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The Discourse Structure of Texts

• Mitchell (1957)

• How people organize what they say

Cultural ways of speaking and writing
• Etnography of communication
• Ways of saying things in different cultures
Discourse as the social construction of
• Texts as communicative units embedded in
social and cultural practices
• Discourse is shaped by language
• Analysis of the BBC Panorama interview with
Princess Diana (1995)
Discourse and socially situated
• We use more than just language to display
who we are (clothing, gestures, act/interact)
• Discourses involve the socially situated
identities that we enact and recognize in the
different settings that we interact in.
• Ways of acting performativity (e.g. “I
promise” “I now pronounce you man and
Discourse and intertextuality
• All texts more or less implicitly cite other texts
• Umberto Eco (1987) analysis of Casablanca
• A movie that, due to a low budget, mixed
many genres (adventure, gangster,
Spoken vs Written discourse
• Speech is not less highly organized than
writing (Halliday, 1989)
• Grammatical intricacy: the relationship
between clauses in spoken discourse can have
more complex relations between them than in
Lexical density in spoken and written
• According to Halliday, written discourse tends to
be more lexically dense than spoken discourse.
• Lexical density: the ratio of content words
(nouns, verbs) to grammatical (prepositions,
articles), or function words, within a clause.
• If Casablanca defined true love for a generation
of incurable romantics, it also defined the
aesthetic possibilities of cinema for a generation
of film lovers.
Explicitness in spoken and written
• Writing is believed to be more explicit than speech

• Yvonne: Will I see you tonight?

• Rick: I never make plans that far ahead

• Yes/no question
• NO yes/no answer
• She detects the meaning from the situational context,
the background nowledge and the textual context
The spontaneous nature of spoken
• Spoken discourse is organized differently from
written discourse.
• Spoken discourse contains half-completed nad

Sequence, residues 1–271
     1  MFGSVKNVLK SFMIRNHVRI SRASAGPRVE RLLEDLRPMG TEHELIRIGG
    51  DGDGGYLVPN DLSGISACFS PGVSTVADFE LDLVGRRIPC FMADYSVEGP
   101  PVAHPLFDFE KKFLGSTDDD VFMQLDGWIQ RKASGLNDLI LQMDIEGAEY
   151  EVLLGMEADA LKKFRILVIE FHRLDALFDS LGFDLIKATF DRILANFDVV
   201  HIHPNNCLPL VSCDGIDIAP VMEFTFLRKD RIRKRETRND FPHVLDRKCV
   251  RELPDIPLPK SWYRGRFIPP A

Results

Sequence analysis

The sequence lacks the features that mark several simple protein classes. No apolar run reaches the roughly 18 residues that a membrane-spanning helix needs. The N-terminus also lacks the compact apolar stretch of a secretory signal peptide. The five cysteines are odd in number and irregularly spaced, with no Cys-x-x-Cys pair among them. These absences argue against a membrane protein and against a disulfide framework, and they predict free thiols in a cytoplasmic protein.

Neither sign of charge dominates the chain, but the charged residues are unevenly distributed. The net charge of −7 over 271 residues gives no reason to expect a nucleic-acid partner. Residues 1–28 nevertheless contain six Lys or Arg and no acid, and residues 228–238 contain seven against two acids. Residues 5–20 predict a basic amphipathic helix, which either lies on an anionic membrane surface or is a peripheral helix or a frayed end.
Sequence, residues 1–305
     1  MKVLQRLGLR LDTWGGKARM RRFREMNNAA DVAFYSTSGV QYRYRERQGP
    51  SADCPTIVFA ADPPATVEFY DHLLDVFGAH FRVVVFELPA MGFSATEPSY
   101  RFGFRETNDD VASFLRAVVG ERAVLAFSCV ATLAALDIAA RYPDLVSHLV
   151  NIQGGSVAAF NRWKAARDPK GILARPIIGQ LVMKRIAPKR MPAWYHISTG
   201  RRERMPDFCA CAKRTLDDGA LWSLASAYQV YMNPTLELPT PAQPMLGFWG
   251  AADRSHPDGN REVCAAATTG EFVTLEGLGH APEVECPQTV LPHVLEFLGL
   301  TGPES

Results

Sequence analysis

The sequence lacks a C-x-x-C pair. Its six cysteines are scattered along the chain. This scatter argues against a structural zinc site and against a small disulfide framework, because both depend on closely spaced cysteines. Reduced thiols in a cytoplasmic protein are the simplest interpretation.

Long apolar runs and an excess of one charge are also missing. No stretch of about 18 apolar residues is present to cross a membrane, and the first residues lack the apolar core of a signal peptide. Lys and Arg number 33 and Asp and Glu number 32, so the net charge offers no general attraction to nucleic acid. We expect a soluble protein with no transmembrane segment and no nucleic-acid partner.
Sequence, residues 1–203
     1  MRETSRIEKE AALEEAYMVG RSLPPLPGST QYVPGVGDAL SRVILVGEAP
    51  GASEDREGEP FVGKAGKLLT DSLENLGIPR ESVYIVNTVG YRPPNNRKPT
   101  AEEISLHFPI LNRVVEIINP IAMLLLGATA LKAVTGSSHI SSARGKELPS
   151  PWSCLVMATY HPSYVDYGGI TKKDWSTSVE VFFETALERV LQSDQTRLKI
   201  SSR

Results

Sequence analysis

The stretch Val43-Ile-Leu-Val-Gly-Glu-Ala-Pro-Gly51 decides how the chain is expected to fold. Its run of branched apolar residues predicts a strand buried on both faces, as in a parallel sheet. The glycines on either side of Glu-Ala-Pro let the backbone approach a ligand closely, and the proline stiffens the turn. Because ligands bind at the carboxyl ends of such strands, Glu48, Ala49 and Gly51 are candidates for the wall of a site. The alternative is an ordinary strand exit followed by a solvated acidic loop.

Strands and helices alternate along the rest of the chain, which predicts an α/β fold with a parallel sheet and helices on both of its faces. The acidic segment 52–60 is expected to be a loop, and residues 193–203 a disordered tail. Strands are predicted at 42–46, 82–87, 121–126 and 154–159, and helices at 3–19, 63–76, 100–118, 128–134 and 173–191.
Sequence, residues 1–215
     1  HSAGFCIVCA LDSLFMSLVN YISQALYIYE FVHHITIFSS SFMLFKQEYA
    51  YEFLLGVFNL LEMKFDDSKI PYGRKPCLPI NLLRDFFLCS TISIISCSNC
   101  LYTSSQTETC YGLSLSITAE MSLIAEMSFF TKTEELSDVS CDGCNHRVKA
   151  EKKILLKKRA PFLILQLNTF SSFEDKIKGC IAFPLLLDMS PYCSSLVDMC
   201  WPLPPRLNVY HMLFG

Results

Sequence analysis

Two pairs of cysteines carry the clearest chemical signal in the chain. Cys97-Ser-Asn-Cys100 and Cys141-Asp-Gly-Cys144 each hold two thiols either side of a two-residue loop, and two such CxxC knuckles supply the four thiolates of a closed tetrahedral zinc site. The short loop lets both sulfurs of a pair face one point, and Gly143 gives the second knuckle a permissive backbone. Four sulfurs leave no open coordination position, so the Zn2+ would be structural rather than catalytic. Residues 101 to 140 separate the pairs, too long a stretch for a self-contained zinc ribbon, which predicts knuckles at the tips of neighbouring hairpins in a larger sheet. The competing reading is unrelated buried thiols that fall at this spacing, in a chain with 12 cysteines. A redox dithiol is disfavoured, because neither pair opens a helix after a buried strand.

reformulated utterances.
• Spoken discourse is often produced
• In written discourse, ways of convey meaning
are more limited
Repetition, hesitation and redundancy
in spoken discourse
• Speech is produced in real time
• Use of pauses and fillers like “ehh”, “er” and “you
• Princess Diana: very much so (1) er the pressure
on- on both as a couple (.) with the media was
phenomenal (1) and misunderstood by a great
many people (1) we’d be going round Australia
for instance. Hhh (2) and (.) all you could hear
was oh (.) she’s on the other side (1)
To sum up…
• Discourse analysis focuses on knowledge
about language and the world beyond the
word, clause, sentence that is needed for
successful communication.
• It considers what people mean
• Relationships between participants and the
effects discourse has upon social identities
and relations
• In what ways does your use of language
reflect your age, social class, gender,
• Think of rules of communication that people
seem to follow when they are using language
• Think of examples of how people recognize
your socially situated identity through your
use of language. For example, in what ways
does your use of language reflect your age,
social class, gender, ethnic background or
nationality? This might be through your use of
vocabulary, your accent or the things you talk
about and how you talk about them. Try to
think of specific examples of each of these.
• Think of a situation you have been in where
someone has meant more than what they said in
their use of language. For example, you may have
asked someone a favour and not got a direct
answer from them. How would the other person
have expected you to work out their answer to
your request? Or perhaps someone wanted to
complain to you about something but thought it
would not be polite to do this directly. How did
they do this indirectly, yet still feel sure you
would get the point of what they are saying?